I have been following Las Vegas-based Shuffle Master (NASDAQ:SHFL) closely for a little over a year. I am somewhat surprised that I haven't yet written about the company at all, as it was in my Top 20 Model Portfolio for most of Q4 last year and remains on my watchlist. The stock pulled back sharply early last week following what I thought was a decent earnings report, though it rebounded nicely over the next few days. If you like to invest in companies with recurring revenue, good balance sheets, established franchises, strong management and solid growth and are willing to pay a fair price, read on, as this pullback is likely a great entry for a company that isn't widely followed.
What Shuffle Master Does
SHFL helps their casino customers in two key ways: Efficiency and Content. Here's a picture of what the company does:
The bottom left corner has been a key area: Shufflers. These devices are the main part of what the company calls Utility Products and speed up the game, allow fewer employees per patron and provide security measures. The company is near the beginning of a new product cycle. Proprietary Table Games consists of over 30 different brands, with patents on some and trademarks that provide value. You have probably heard of some, like Ultimate Texas Hold'em or Let It Ride. Many of the games are linked to progressives too. E-tables have suffered from underinvestment and the company is reinvesting. These devices improve productivity and security. The company is a niche player in slots, with its Equinox cabinet very popular in Australia.
The future of the company is likely linked to its newest division, i-gaming. The company's strategy is to be a B2B provider, and it has a pending acquisition of Ongame, which is a platform owned by a B2C provider active in Europe, where internet gaming is legal. The company is licensing its own content to existing operators and will be delivering its own games.
There's a lot to like about the core business: It's highly international (>50%, with about 40% in Australia, 10% in Asia, including Macau, and small amounts in Latin America, Canada and Europe), recurring revenue is almost 50% (lots of lease rather than sales), it has tremendous intellectual property, there is substantial diversification in its products and it has leading positions in shufflers and proprietary table games.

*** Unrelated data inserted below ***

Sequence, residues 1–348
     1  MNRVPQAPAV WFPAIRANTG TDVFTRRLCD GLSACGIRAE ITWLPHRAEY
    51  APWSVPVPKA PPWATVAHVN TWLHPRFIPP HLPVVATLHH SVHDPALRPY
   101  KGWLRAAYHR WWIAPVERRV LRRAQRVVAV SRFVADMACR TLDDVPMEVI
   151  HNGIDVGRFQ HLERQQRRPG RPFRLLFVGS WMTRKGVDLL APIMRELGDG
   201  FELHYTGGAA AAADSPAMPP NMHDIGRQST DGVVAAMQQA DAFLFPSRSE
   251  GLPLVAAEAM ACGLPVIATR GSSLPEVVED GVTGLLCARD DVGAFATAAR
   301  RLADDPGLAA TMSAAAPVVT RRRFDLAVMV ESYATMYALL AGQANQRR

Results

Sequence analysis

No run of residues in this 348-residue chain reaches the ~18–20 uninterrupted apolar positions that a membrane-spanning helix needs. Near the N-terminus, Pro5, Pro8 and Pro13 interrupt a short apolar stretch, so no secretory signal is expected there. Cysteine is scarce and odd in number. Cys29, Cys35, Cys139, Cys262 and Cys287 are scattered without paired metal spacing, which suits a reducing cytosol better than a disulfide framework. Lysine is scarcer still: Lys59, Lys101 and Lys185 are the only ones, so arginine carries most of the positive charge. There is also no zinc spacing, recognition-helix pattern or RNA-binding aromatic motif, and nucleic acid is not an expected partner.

It was CEO Gavin Isaac's hire that first drew me to the company. He was the COO at Bally Technologies (NYSE:BYI). He actually took a cut in pay to take the lead job at the smaller company. I have spoken to him twice, once right when he started and once earlier this year after they announced the acquisition of Ongame. He has tremendous industry experience, working at Aristocrat (Australia) before moving to BYI. He did a good job of helping turn around Aristocrat's U.S. division and then BYI. He is very focused on operational improvements at SHFL, and I have seen early signs of success. One of the reasons the stock may have been pressured before the Q2 earnings report was that long-time COO and director David Lopez quit on Memorial Day (announced 6/1 after the close). It turns out that he took a job as COO of another gambling-related company, Global Cash Access (NYSE:GCA) for a big hike in pay. He did an excellent job, and I was glad to see him stay on for a year after being passed up for the CEO spot and aid in the transition. CFO Lin Fox has been with the company a few years now. Another key player is recently hired Lou Castle, who joined from Zynga as Chief Strategy Officer and is helping lead the way in interactive gaming. Pay here is very flat, with a structure that seems to promote team work. Gavin hasn't really made any changes beyond hiring Castle and losing Lopez, and I was rather impressed when I listened to their recent analyst conference in NYC last week to a long-time employee, EVP Roger Snow.
The Ongame deal will push the company into a slight net debt position, but, at the end of Q2, the company's cash and investments was about equal to debt. Gross margin of 64% highlights the strong competitive position, and Capex is typically just a tiny fraction of D&A (FCF machine!) and runs at about 5% of sales. The company is consolidating four leased spaces in Las Vegas and will be building, so the CapEx will tick up. Top-line growth has been double-digit, and expanding margins have pushed EBITDA and EPS growth above 20%.